• Volleyball, basketball, swimming
        • University of Khartoum
          • Pool – reserved days for female students
sudan56
Sudan
  • Effect of class
    • Among educated and confident elite
      • Muslim girls active in sport
        • PE in British educational system
          • Volleyball, basketball, swimming
        • University of Khartoum
          • Pool – reserved days for female students
      • But usually not beyond post-secondary education
sudan57
Sudan
  • Most do not have access to education
    • Quotas on girls
    • Parents reluctance
sudan58
Sudan
  • Most do not have access to education
  • Physical activity not avoided
    • Intense – chores – household, farm, childcare, etc
    • Ali Mazrui’s suggestion
      • More sports that draw on daily laboring skills (1987)
sudan59
Sudan
  • More restrictions
    • September Laws 1983
    • Islamicization after 1989 coup
  • Martial training for boys
  • Declining economy and civil war
    • Fewer elites internationally
sudan60
Sudan
  • More restrictions
    • September Laws 1983
    • Islamicization after 1989 coup
  • Martial training for boys
  • Declining economy and civil war
    • Fewer elite athletes internationally
  • Still, very elite still active
    • 2003 Abuja – one female athlete – tennis player
sudan61
Sudan
  • January 2004, in 2 days, passport for Yamile Aldama
    • Cuban born triple jumper.
sudan62
Sudan
  • January 2004, in 2 days, passport for Yamile Aldama
    • Cuban born triple jumper.
    • Olympic hopeful
    • Sudan – internationalstature
    • Hijab?
2004 triple jump gold
2004 Triple Jump Gold
  • Francoise Mbango Etone of Cameroon
new sudanese athlete
New Sudanese Athlete
  • Nawal el Jack
    • Set the girl’s record (and a personal best at 51.83) in the 400 meters at the World Youth Championships in July 2005 in Morocco. Competed at the World Championships in Helsinki in 2005, though did not place.
    • Where does she train? - I don’t know
nigeria
Nigeria
  • February 2003
    • Northern State, Niger, bans women’s football
      • “not in conformity with our culture.”Abdul-Khadir Kure, Governor
nigeria66
Nigeria
  • Zamfara in 2000
    • Declared shari’a law
    • Immediately women’s football banned
    • “the sport is against the teachings of Islam”state director of sports
nigeria67
Nigeria
  • Moot?
    • Many parents in Northern Nigeria would not let daughters play anyway.
nigeria68
Nigeria
  • Complex, diverse, multifaceted country
  • Colonial period
    • Strong, centralized Islamic states continued unlike in Senegal
  • Islam less tolerant of secular
  • In North, female seclusion
nigeria69
Nigeria
  • Current national and international climate has lead to:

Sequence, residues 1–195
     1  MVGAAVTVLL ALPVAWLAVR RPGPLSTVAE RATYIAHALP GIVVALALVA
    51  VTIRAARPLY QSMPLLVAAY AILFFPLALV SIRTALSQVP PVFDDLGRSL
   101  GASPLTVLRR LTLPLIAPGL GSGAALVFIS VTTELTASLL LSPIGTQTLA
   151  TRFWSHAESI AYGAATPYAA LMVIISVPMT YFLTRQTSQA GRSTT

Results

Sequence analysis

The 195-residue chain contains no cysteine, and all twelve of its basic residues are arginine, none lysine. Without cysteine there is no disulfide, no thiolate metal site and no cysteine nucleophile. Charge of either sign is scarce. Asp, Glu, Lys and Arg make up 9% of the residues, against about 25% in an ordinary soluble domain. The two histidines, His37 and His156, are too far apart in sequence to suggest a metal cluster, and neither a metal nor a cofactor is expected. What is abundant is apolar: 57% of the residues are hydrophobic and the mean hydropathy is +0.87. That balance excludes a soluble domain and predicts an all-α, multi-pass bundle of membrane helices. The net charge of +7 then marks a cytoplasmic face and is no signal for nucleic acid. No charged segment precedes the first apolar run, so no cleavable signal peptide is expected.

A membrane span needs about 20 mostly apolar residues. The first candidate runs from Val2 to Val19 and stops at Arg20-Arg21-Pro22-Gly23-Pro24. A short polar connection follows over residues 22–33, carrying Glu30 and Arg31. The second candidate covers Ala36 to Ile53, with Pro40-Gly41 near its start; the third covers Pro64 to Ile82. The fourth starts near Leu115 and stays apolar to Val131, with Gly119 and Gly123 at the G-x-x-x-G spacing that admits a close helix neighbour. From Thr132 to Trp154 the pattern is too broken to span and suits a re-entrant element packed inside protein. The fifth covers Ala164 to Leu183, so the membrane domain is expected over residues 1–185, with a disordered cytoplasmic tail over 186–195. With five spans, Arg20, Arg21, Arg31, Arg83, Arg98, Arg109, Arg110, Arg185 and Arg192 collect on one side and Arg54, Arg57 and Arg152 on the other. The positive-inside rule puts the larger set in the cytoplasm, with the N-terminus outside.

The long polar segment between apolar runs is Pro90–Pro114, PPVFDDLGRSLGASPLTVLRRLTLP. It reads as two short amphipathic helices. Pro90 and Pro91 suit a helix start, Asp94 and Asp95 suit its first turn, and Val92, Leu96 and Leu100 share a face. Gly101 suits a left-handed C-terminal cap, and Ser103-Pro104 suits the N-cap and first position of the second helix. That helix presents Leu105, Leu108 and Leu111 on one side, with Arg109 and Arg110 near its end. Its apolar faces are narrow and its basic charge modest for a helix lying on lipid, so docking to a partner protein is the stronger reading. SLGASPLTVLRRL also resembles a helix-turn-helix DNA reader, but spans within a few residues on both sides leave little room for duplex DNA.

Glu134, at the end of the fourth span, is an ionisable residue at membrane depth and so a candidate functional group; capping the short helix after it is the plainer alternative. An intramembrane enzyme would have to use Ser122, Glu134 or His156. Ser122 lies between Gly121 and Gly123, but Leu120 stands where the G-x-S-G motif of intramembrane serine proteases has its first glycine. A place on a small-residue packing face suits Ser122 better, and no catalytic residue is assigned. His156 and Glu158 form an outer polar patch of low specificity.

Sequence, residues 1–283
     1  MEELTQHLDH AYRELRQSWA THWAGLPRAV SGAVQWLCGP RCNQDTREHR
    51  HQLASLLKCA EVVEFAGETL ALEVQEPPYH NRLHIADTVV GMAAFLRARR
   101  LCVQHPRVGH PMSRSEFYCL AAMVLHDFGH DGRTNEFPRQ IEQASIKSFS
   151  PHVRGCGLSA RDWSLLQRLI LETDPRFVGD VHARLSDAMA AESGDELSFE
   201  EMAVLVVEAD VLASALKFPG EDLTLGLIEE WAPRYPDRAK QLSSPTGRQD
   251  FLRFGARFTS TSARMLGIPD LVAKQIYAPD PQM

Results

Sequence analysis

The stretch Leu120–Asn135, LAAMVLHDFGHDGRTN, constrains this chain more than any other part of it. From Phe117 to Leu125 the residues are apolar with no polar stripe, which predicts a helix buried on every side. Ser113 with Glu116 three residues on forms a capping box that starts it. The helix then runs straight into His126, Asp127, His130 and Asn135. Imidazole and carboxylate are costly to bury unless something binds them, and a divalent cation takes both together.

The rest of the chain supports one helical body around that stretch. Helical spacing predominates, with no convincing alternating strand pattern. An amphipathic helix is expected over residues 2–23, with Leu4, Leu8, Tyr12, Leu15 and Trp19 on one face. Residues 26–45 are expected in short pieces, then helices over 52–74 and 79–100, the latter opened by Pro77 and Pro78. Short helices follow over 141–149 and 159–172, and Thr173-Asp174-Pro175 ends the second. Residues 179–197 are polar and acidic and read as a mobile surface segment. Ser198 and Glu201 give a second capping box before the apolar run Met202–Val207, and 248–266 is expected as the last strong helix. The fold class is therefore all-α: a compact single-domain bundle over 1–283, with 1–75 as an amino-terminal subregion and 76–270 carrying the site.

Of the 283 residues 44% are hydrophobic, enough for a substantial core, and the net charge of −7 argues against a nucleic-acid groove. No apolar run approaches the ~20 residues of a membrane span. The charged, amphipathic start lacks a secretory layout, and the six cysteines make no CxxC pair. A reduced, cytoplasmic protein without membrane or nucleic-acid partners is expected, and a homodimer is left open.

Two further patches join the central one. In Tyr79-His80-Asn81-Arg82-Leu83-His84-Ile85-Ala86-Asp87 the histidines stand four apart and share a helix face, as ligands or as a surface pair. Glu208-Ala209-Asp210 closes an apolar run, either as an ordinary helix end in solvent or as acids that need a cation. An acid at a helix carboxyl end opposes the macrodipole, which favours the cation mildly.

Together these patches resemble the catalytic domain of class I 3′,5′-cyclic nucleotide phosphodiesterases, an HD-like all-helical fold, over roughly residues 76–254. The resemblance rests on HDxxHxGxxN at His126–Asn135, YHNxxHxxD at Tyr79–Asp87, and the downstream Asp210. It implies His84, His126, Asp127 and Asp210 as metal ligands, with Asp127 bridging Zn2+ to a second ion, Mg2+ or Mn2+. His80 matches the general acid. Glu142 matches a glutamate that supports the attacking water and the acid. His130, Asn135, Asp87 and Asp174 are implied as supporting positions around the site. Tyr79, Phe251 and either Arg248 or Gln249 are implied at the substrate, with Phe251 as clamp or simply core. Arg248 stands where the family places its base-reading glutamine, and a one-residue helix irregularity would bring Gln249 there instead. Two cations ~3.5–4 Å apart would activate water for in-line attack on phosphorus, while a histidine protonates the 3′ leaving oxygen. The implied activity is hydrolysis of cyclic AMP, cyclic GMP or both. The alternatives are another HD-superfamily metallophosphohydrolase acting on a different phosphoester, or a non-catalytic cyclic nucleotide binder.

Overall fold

• Hardening of identities
    • Influence from Islamicists from Saudi and elsewhere
      • Wahabism
nigeria70
Nigeria
  • Why focus on women’s football?
    • Success of national women’s football team
    • Challenge to gender norms
    • Connection to practices in the South

Mercy Akide

nigeria71
Nigeria
  • Miss World Pageant
    • Two weeks later Africa Cup for Women in South with no problems.
  • Part of larger struggle within Nigeria
    • Amina Lawal case
  • Why football was singled out?
nigeria72
Nigeria
  • Why football was singled out?
    • Marked as masculine sport in much of football loving world (not the US so much)
    • Because men’s so globally popular?
      • Male hegemony reinforced
    • British FA’s ban on women’s football
      • 1921 – 1971
nigeria73
Nigeria
  • Why football was singled out?
    • Marked as masculine sport in much of football loving world (not the US so much)
    • Because men’s so globally popular?
      • Male hegemony reinforced
    • British FA’s ban on women’s football
      • 1921 – 1971
    • Issue of masculinity and football…
sport and masculinity
Sport and Masculinity
  • Muscular Christianity
    • British colonial influence
  • Zanzibar (Fair 1997)
    • Local Islamic elite collaborate with British colonial administration
      • Elevate men’s football
      • Stamp out Ngoma dancing
      • Within Ngoma – men dress as women
sport and masculinity75
Sport and Masculinity
  • Zanzibar (Fair 1997)
      • Within Ngoma – men dress as women
      • “Vulgar and obscence” by elite
      • “Effeminate” – Colonial administration
    • Football
      • Masculine!
sport and masculinity76
Sport and Masculinity
  • Cape Town, South Africa (Nauright 1998)
    • Muslim Coloured working class community
      • Promoted rugby
        • Discipline
        • Social cohesion
        • Manliness
        • Character formation
      • Muscular Islam
        • Physical intimidation
sport and masculinity77
Sport and Masculinity
  • Cape Town, South Africa (Nauright 1998)
    • Muslim Coloured working class community
      • Promoted rugby
      • Muscular Islam
        • Physical intimidation
        • Required by setting
          • Apartheid
          • Class politics
sport and masculinity78
Sport and Masculinity
  • Cape Town, South Africa (Nauright 1998)
    • Muslim Coloured working class community
    • Rugby and Muslim Coloured Identity
      • Even girls played – when they were young
      • As matured, steered to other sports
        • Netball, softball
sport and masculinity79
Sport and Masculinity
  • Cape Town, South Africa (Nauright 1998)
    • Muslim Coloured working class community
    • Rugby and Muslim Coloured Identity
      • Even girls played – when they were young
      • As matured, steered to other sports
        • Netball, softball
      • Women as supporters
        • Knit scarves
        • Sew uniforms
conclusions
Conclusions
  • Islam part of set of factors
  • Local trajectories
  • Masculinity as well as femininity
  • More research needed!